There are some issues that Kolb needs to work on. In the first couple of games he was plagued by "happy feet". This is when the quarterback won't settle down in the pocket. This probably started up at Lehigh as defenders got by the blockers. Kevin was anticipating pressure and bailing out at the first sign of heat. You can't do that. You've got to sit in the pocket as long as possible and focus on your passing progressions. Kevin did show improvement in this area against the Chiefs. He stood tall in the pocket and focused on his receivers. We need to see more of that.
Decision-making is possibly the most important area to judge a QB in. Kolb has been up and down. In the first game I thought he forced the ball at times. It seemed like Kevin had made a pre-snap read and was determined to go to a specific receiver. That's not what you want. The play is designed for Kevin to find the open guy and get him the ball in a timely fashion. Kevin has done that, both last year in his starts and in this preseason. We just need to see him be more consistent in making quick reads and good decisions.
Kevin has probably surprised a few people with some facets of his game. The spotty blocking he got forced him to run. Guess what? He looked pretty good on the move. Kevin showed good speed when running in the open. I also liked his escapability. The highlight play in that area came in the Chiefs game. The RDE drove Peters backward and Kevin was caught in heavy traffic. I thought he had been sacked and even fumbled the ball when watching the play live. Next thing you know, Kolb comes flying out of the group and runs for a 1st down. Sometimes the ability to move in a confined space is just as important as the ability to run in the open field.
Probably the biggest criticism from Kolb bashers was the fact that he's got a "noodle arm". I think anyone watching him this summer has found out that's not the case at all. Kevin doesn't have a strong arm, but he's good enough to make all the throws. His deep balls for Maclin were on target. He's thrown into traffic and gotten the ball to receivers. He's thrown on the move. Kolb only has one interception this preseason. That came when he forced a ball downfield and into double coverage. That was a bad decision. His arm was fine. The next time that arm strength becomes an issue will be late in the season when weather becomes a factor. That is something to watch.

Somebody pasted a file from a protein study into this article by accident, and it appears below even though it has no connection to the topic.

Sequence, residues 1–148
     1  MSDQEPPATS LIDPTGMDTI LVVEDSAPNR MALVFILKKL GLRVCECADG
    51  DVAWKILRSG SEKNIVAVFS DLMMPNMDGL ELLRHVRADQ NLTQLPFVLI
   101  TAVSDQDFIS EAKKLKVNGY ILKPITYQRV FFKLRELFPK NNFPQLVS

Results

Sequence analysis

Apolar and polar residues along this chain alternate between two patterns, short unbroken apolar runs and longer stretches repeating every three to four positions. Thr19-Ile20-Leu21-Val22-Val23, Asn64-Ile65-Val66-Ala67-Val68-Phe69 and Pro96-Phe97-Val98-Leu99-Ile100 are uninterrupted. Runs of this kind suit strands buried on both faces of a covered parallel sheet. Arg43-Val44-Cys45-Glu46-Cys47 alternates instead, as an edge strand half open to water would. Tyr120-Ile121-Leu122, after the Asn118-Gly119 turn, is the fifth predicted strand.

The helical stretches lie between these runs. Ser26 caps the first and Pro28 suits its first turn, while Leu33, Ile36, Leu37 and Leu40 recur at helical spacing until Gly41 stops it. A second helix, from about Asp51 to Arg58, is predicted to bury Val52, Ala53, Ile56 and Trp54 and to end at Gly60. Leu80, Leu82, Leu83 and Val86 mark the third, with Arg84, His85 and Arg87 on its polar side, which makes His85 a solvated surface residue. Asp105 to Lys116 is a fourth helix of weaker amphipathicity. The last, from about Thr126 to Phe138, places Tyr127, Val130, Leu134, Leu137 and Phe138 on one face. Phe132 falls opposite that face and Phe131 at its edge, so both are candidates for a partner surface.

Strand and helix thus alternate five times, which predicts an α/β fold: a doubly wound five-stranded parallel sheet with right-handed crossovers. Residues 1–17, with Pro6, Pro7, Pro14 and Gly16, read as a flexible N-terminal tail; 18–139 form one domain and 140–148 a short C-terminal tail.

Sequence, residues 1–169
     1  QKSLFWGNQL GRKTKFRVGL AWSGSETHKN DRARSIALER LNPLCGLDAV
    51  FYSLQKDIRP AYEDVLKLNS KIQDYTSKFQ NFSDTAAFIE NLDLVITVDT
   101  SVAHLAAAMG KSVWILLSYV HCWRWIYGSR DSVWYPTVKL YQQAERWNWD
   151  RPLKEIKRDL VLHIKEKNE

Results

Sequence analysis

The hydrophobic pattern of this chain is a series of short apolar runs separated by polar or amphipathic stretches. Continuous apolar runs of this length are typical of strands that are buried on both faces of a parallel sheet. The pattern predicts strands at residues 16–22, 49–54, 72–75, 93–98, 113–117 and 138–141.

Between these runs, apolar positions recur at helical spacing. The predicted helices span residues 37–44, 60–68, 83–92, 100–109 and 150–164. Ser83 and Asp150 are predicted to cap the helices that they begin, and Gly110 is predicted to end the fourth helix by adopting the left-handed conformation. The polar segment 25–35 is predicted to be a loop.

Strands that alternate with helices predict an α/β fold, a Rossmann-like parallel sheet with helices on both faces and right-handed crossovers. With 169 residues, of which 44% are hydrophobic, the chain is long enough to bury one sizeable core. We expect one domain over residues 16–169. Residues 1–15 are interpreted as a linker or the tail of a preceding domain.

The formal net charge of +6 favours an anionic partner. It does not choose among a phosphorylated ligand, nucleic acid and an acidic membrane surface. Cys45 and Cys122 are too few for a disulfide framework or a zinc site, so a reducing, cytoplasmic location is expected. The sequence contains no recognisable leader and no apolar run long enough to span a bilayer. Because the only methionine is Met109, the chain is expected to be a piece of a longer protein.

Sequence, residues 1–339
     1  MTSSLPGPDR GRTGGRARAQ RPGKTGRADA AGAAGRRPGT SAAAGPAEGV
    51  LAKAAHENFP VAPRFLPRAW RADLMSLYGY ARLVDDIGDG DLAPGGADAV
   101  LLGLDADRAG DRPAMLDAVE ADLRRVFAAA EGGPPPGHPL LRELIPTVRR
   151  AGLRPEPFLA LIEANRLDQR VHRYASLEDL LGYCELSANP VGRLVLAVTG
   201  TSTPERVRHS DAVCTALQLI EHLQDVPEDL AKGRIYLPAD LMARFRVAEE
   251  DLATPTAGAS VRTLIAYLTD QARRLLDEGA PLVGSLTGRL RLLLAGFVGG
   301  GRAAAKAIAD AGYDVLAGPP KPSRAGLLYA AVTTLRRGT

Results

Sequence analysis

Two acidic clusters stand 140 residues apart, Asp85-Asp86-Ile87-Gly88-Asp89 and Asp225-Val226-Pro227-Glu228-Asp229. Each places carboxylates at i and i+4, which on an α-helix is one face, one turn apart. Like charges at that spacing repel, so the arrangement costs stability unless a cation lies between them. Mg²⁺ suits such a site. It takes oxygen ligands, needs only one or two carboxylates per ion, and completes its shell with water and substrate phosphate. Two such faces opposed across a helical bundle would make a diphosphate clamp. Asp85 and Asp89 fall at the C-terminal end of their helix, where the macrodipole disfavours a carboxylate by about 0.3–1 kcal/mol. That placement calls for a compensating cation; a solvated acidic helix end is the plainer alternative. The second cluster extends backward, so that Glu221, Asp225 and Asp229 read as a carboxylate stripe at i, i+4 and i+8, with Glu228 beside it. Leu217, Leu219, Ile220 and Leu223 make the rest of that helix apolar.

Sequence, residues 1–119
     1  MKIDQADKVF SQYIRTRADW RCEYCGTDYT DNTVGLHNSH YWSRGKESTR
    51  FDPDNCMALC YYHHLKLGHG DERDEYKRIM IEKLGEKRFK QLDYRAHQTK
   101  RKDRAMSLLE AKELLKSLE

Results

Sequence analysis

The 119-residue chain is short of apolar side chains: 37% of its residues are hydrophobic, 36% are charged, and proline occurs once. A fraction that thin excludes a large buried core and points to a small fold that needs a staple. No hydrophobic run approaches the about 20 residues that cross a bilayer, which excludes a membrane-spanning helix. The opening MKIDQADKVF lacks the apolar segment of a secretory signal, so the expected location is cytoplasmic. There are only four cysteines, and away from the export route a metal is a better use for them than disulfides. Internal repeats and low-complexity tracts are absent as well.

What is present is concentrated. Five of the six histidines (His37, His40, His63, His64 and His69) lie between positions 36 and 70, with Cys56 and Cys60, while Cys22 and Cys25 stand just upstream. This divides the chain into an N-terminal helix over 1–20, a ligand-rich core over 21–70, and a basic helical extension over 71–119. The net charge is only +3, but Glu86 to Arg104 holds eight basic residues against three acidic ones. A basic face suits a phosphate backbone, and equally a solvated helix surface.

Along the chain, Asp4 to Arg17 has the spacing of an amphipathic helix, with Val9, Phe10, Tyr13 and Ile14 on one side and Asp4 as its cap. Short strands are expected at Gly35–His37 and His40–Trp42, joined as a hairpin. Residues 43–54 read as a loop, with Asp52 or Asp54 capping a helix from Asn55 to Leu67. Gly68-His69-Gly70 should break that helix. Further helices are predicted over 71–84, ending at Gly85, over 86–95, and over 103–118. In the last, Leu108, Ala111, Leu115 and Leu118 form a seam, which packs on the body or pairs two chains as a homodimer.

One thing I love about Kolb from this summer is the way he's handled things. He could have panicked a bit when the offense wasn't clicking. That didn't happen. Kevin tried to rally the guys up on the sideline and get everyone re-focused. He's taken the blame when talking to the media. Kevin isn't pretending the criticism doesn't exist. He hears it. He acknowledges it. He then goes about trying to fix whatever the problems are. Not all young QBs know how to handle adversity and/or criticism. I think that cost Matt Leinart his job. I see Jay Cutler struggling in Chicago. Anyone watching Hard Knocks sees Mark Sanchez unsure of what to do and say at certain times. Kolb is far from perfect, but I like his approach to things. It should serve him well in the long run. After all, even great players are going to have some rough stretches from time to time.
The biggest thing we learned about Kevin Kolb this summer is that he's not a finished product. He has a lot of learning left to do. There will be good days and bad days. He's no rookie, but when you have more years in the league than actual starts, you're still a young QB and there will be growing pains. That's okay. We're reasonable fans. All he has to do is throw a lot of touchdowns, sweep Dallas, lead us to the Super Bowl, and appeal to us as a blue collar guy in the process. And maybe during the bye week Kolb could do something about the economy and getting Lindsay Lohan through rehab.
Good luck, Kevin. We'll be watching.